Need to know
What is it? A fan-made Half-Life remake.
Expect to pay £15/$20
Developer Crowbar Collective
Reviewed on RTX 2080 Super, Intel i7-9700K, 16GB RAM
Link Official site
One morning in the New Mexico desert, a 27-year-old theoretical physicist turns up late for work. The next thing he knows monsters are spilling out of portals from another world, turning his colleagues into zombies, and generally making a mess of the top secret Black Mesa Research Facility. The Half-Life series is really just one long bad day at work, and Black Mesa is a Valve-approved, albeit entirely fan-made, chance to relive Gordon Freeman's disastrous morning—but with prettier visuals, combat and physics lifted from Half-Life 2, bigger levels, and other upgrades.
Black Mesa sticks closely to Half-Life in terms of structure. You take the tram into work, watch in horror as the resonance cascade floods the facility with aliens, dodge headcrabs in the office complex, clash with the HECU Marines, deal with giant tentacles in the blast pit, fight through a warzone on the surface, navigate the radioactive Lambda Core, and finally visit Xen. But everything is huger, more detailed, and more dramatic, with production values approaching Half-Life 2, which breathes new life into the Black Mesa Incident.
See how Half-Life's Xen compares to the remake in the video above.
Some levels have been remixed too, with redesigned, or in some cases completely new, puzzles and set-pieces. So even if you know Half-Life inside out, there'll still be some surprises here. However, purists may question some of developer Crowbar Collective's design and aesthetic choices—and some things are so detached from the source material that it occasionally feels like an entirely new game. Black Mesa is not a 1:1 remake, so it'll never feel as authentic as revisiting the original. But it's a fresh, modern, and lovingly made take on a landmark moment in PC gaming.
Half-Life is still great, but feels increasingly stiff and dated as the years roll relentlessly on. But Black Mesa being built on the foundations of Half-Life 2, borrowing its weapon handling and chaotic physics simulation, makes for a much more dynamic and engaging first-person shooter. And thanks to an abundance of movable and breakable objects, and devilish traps that frequently cause explosive chain reactions, the stricken research facility has never felt more reactive, unpredictable, or dangerous.
But let's talk about Xen, because this is where Black Mesa makes its biggest statement. In the original Half-Life, Freeman's arrival on Xen was, for most players, something of an anticlimax. It's not as bad as people remember, but this otherworldly expanse of floating platforms, bizarre alien flora, and grubby textures is a low point for the game, with frustrating low-gravity platforming and a tedious boss battle against a giant testicle. But after years in development and several delays, Black Mesa achieves the impossible and makes Xen one of the best parts of the game.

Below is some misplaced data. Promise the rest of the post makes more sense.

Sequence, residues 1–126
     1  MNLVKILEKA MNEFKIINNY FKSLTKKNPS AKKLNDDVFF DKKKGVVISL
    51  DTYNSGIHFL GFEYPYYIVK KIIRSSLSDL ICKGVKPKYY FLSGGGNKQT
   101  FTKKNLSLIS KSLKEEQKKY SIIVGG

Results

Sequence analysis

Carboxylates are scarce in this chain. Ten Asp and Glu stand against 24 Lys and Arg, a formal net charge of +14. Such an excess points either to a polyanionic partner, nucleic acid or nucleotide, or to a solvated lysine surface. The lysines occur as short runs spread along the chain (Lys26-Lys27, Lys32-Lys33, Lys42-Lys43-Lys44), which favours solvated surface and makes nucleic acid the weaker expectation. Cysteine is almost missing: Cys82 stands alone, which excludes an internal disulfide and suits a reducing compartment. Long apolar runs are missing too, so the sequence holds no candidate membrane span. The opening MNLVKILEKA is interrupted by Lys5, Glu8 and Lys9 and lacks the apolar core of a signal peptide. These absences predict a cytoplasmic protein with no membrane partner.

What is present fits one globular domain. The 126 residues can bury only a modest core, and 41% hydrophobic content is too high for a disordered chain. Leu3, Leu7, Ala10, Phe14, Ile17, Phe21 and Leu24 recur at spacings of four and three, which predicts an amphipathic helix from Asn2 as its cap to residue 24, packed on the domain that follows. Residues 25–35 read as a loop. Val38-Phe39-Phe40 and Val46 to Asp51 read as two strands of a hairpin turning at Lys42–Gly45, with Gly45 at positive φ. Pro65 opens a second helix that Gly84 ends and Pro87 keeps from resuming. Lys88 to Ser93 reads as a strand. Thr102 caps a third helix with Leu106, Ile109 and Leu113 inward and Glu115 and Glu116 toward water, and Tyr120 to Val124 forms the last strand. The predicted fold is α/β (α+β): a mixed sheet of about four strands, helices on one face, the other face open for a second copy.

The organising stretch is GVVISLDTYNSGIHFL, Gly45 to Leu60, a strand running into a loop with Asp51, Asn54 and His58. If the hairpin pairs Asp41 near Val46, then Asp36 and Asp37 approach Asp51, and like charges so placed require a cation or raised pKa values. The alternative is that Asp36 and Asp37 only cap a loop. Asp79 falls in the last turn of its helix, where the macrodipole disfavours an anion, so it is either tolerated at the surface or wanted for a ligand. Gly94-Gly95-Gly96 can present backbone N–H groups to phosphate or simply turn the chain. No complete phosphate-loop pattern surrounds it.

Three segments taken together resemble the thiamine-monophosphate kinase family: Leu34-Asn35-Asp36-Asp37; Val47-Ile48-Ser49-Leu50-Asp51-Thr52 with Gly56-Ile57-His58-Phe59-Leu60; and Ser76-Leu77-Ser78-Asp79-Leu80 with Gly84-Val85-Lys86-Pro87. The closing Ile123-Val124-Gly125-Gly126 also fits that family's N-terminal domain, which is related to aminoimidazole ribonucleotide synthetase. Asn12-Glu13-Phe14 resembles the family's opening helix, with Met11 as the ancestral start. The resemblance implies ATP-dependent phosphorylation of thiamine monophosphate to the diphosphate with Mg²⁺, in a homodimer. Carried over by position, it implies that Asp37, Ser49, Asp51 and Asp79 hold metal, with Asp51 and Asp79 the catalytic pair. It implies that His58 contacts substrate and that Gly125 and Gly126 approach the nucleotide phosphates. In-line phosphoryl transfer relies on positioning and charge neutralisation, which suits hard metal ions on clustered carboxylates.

The new Xen is stunning to look at, and feels genuinely strange and otherworldly—as this cosmic place-between-places should. Shortly after teleporting there, Freeman finds himself gazing across a vista of weird floating creatures and a swirling, vivid nebula. Comparing both versions of Xen side by side, it's almost comical how much of an improvement this is. What was once a rather lifeless, dreary place now sizzles with colour and detail, and the contrast between the comparatively banal computers, concrete, and vending machines of the facility has even more impact.
The new Xen levels loosely follow the original game in terms of theme and structure, but they're also a radical departure. The platforming is more fun and dramatic, and there's a lot more to discover in terms of world-building and environmental storytelling. Some locations have even been transformed entirely. In the Interloper chapter, Freeman encounters enslaved Vortigaunts in a factory-like cloning facility; however, in Black Mesa this section has been replaced by a bigger, much more evocative new location that really highlights the true misery of the Vorts' tragic enslavement.
The fight with the Gonarch is vastly more exciting too, with some really incredible animation and visuals, which elevate Half-Life's lamest boss battle to something quite extraordinary. And I'll let you see the Nihilanth for yourself, but it's safe to say that the new version is an improvement over the big floating baby of old. Some meandering level design and slightly unnecessary puzzling aside, Xen is a triumph—both in terms of its confident, dazzling art direction, and how it finally gives us an ending to Freeman's first adventure that doesn't feel wildly inferior to everything leading up to it.
It's amazing that something as elaborate and well made as Black Mesa is, essentially, a fan project. And doubly so that Valve allowed them not just to make it, but sell it on Steam too. This is a professionally made game, and arguably the best way to experience the events of the Black Mesa Incident on a modern gaming PC. For some the original will always be the best version of Half-Life, but this is a superb reimagining that uses the underlying systems of Half-Life 2 to great effect. Fighting through the Black Mesa facility as it falls to pieces around you is every bit as thrilling as it was back in 1998, and now the story ends with a bang instead of a whimper.